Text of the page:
For me, I try to allow for a robust and rigorous discussion in my Human Sexual Diversity class (I’m not always successful, some semesters I find eliciting robust discussions is a genuine challenge). I wonder, though, if I continuously trigger warn by actively encouraging and advising students to leave the room every time a personally offensive/upsetting topic is about to come up in lecture or discussion (whether sexual aggression, CSA, abortion, infertility, STIs, sexual orientations, sex differences, whatever), my class would be a constant revolving door of students moving in and out of the room.

We talk about many of these topics nearly every day (not usually planned, but sensitive topics are often what students tend to be interested in and bring up themselves, and again I work to make sure the discussion is respectful, etc.). I can’t say for sure what is best for most instructors, but with respect to those who believe otherwise, it seems to me many of the “personal exemption” approaches to offensive/upsetting material seem entirely impractical for a dynamic course that allows for an honest, open, and respectful exchange of controversial ideas. You know, a university course.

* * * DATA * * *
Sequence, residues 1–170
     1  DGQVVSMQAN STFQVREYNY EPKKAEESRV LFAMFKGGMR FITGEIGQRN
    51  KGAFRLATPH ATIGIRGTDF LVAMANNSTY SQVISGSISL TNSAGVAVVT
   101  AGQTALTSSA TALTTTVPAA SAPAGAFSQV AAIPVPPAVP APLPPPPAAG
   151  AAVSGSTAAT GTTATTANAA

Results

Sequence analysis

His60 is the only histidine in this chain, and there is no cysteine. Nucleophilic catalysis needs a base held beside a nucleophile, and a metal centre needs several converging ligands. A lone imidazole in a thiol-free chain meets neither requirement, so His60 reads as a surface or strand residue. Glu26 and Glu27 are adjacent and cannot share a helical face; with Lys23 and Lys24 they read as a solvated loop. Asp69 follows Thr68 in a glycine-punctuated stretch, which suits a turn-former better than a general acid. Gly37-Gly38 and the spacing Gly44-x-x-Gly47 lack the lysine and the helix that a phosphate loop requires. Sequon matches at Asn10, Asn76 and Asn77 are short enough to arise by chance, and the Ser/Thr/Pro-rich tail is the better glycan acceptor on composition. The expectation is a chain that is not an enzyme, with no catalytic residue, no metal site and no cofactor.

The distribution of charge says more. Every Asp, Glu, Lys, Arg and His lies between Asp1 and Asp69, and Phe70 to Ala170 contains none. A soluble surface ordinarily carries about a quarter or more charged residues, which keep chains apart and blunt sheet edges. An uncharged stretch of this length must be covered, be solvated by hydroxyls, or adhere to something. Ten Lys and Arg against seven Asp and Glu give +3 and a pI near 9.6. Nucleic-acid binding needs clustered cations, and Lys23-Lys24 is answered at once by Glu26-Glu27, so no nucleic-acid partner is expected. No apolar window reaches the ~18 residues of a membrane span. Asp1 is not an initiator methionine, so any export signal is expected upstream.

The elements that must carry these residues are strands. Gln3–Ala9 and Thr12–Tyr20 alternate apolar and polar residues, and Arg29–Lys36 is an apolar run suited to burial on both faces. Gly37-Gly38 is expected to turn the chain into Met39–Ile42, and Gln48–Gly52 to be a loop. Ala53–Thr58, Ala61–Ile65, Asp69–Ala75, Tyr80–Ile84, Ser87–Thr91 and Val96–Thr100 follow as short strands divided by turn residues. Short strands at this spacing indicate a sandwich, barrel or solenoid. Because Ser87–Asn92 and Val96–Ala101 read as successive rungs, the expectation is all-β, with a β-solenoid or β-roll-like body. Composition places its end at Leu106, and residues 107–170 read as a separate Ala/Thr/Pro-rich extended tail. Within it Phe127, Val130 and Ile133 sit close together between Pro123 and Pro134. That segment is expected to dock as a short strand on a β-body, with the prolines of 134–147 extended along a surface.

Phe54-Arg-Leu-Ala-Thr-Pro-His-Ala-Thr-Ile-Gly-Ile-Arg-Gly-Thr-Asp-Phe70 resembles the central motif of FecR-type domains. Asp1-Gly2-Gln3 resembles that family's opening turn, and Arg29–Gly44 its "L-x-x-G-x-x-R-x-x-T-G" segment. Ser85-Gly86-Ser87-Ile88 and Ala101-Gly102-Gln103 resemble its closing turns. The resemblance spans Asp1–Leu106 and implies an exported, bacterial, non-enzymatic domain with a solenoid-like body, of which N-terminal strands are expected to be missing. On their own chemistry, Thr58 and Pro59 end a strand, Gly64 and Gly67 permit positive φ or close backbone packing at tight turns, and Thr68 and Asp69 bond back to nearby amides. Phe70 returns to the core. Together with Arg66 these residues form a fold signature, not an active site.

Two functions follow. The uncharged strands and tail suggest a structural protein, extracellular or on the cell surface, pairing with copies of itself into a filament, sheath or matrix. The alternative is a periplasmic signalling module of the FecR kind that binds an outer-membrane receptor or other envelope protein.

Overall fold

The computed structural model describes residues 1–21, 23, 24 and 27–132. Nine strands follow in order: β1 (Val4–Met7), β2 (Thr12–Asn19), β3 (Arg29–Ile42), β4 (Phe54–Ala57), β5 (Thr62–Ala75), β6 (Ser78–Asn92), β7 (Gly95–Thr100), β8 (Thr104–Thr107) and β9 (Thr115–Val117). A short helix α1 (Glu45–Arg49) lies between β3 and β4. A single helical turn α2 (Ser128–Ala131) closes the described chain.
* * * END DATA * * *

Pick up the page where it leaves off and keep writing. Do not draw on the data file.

Beyond offense and upset, though, there are many sexological topics that encompass traumatic experiences, and for some students confronting these topics while suffering from post-traumatic stress disorder (PTSD) may not be advisable as doing so may lead to re-traumatizing effects. Even if not diagnosed with PTSD, some students may have PTSD-like symptoms that make them especially sensitive to and upset by discussing certain topics. Rape, for instance, is an acute traumatic experience for far too many college students (any more than none is far too many).

But it also is possible that past CSA, stalking, intimate partner violence, and many other sexological topics cover material that is equally distressing for certain students. Men, for instance, are more likely to report PTSD-type symptoms from CSA than rape (Vrana & Lauterbach, 1994). Women are more likely to have PTSD from stalking than sexual violence (Basile et al., 2004). Abortion and parental divorce have been related to PTSD-type symptoms and are acutely on the minds of many college students. How are sexuality instructors to draw the line for some and not all potential PTSD-related topics? Are we currently ignoring the full spectrum of our students' sexually-traumatic experiences?